• Provide greater support for primary caregivers via upskilling and wellbeing initiatives to better prepare them to navigate uncertainties. This can be done through digital communities and training for caregivers.

Transformation Lessons from Other Industries

Care providers can learn from other industries – such as insurance, banking, and hospitality – that have used digital technology to fundamentally transform their propositions and operating models. These shifts have ultimately helped better address the underserved needs of different populations – for example, digital banking for the underbanked. One principle for sector incumbents is to challenge the status quo. In LTC, that means swapping a medicalized model centered on dormitory-style nursing homes and fragmented care sites for a one-stop hub in every single neighborhood – from primary care to daycare – both online and offline care. Seniors can truly remain at home independently, and digital tools will carry out passive monitoring so that people will receive care only when needed. 

Rather than waiting for a big-bang transformation, LTC operators should pursue rapid, incremental innovation, testing, and iterating solutions quickly. Some providers did this successfully during the pandemic, rolling out new services such as online activities and telemedicine. An effective way to develop new services is through partnerships that leverage the comparative advantage of other sectors and partners, such as quickly engaging Regional Health Systems and private home care providers to train staff across care facilities to perform swabbing. Operators should proactively identify areas where they can leverage such cooperation. An essential principle is to start viewing seniors as consumers rather than patients, taking a design-thinking approach to re-orient new digital programs and tech solutions to end-users.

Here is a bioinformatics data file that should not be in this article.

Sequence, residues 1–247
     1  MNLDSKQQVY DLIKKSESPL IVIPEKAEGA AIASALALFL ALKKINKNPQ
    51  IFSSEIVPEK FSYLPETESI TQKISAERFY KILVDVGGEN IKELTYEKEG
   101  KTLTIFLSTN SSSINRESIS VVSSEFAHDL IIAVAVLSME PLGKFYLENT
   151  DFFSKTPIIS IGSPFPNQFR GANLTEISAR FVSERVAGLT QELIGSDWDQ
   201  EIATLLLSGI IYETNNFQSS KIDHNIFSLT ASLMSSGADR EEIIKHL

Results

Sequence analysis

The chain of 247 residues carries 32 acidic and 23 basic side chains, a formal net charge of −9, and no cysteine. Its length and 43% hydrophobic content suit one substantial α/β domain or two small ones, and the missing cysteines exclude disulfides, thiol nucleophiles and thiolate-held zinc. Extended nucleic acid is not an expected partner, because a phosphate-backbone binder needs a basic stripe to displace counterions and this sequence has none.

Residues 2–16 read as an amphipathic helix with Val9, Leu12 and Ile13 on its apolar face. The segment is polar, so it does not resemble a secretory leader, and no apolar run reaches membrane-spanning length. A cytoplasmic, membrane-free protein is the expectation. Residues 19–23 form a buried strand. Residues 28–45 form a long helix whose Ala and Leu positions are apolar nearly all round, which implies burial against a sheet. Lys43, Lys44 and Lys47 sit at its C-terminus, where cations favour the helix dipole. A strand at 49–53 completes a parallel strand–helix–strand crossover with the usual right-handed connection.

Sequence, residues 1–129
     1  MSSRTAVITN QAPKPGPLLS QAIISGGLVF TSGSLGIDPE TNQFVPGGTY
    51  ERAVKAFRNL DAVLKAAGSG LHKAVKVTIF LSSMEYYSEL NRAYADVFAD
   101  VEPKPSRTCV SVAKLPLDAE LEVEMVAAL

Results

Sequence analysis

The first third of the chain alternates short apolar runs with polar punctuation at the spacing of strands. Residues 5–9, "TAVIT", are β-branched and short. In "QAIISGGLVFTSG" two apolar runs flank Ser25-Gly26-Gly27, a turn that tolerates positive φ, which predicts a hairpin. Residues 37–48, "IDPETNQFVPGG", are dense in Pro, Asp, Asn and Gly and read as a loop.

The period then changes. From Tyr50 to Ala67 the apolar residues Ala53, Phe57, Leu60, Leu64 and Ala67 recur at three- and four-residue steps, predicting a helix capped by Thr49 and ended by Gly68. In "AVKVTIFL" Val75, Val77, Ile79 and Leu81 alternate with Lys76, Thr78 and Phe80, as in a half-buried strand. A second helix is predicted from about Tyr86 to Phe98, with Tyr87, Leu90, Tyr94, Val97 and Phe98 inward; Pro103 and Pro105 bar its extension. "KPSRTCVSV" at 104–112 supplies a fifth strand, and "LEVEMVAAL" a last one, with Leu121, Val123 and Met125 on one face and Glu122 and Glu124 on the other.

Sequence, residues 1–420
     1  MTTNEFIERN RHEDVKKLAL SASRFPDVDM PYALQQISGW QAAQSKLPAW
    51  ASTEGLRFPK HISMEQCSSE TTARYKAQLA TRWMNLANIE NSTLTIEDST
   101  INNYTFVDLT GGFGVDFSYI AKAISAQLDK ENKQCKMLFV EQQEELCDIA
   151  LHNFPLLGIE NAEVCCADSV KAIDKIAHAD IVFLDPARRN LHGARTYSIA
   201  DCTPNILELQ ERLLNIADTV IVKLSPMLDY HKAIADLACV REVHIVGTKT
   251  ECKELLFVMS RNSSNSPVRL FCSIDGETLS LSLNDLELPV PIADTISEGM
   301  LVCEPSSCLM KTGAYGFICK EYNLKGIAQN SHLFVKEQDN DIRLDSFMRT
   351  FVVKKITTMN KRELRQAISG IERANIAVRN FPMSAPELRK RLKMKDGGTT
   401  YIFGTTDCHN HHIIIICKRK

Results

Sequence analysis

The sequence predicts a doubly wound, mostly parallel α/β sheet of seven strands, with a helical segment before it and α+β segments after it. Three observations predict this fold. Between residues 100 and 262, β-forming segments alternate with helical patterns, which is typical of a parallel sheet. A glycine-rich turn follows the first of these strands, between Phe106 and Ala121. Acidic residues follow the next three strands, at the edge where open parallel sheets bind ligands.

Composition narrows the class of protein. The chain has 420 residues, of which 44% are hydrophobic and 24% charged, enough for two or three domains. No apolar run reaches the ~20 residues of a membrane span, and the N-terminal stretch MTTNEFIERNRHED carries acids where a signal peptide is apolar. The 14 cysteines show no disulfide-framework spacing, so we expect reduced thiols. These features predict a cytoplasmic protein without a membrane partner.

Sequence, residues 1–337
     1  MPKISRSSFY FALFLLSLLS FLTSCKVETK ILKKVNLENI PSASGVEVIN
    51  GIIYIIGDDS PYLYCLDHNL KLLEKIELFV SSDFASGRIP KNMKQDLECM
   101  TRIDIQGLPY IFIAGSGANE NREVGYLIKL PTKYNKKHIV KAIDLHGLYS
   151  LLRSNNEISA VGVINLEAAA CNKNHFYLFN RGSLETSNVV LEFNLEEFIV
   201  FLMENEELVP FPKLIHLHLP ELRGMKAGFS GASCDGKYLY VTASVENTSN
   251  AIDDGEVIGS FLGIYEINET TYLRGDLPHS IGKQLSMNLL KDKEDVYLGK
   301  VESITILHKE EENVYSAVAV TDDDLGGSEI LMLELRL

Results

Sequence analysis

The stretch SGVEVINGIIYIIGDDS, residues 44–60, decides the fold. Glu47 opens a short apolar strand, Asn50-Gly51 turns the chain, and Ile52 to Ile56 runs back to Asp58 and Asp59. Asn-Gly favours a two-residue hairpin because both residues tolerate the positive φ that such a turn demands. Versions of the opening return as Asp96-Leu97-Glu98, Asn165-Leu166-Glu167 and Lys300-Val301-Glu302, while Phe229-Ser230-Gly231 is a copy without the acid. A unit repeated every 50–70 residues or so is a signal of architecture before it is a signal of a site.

A Whole-of-Sector Approach

Though individual operators must first push ahead with their own innovations, the transformation to LTC 3.0 will only succeed through a whole-of-sector approach. The government will drive many of the structural enablers, such as financing for telehealth and digital-health solutions beyond the COVID-19 crisis. In Singapore, for example, the Ministry of Health is responsible for policymaking and much of payor coverage, while the Agency of Integrated Care coordinates long-term care operators. Hence, these are important players for the constant sharing of best practices and other knowledge across the sector.

Other players, such as corporations, tech partners, and academic institutions, can provide financial and technical resources that the public sector cannot supply itself. Corporates have supplied volunteers, as well as provided funding to fill in gaps such as new beds for nursing homes’ staff dormitories. They will continue to bring the financial resources, tech, and innovation to drive changes beyond what the public sector can spur on its own. Operators will contribute to the system by serving as the key communication channel between seniors and their caregivers, on the one hand, and policymakers and other stakeholders, on the other.

COVID-19 has upended normal life and has disproportionately impacted older adults. But the pandemic’s silver lining is the momentum for change and digital adoption.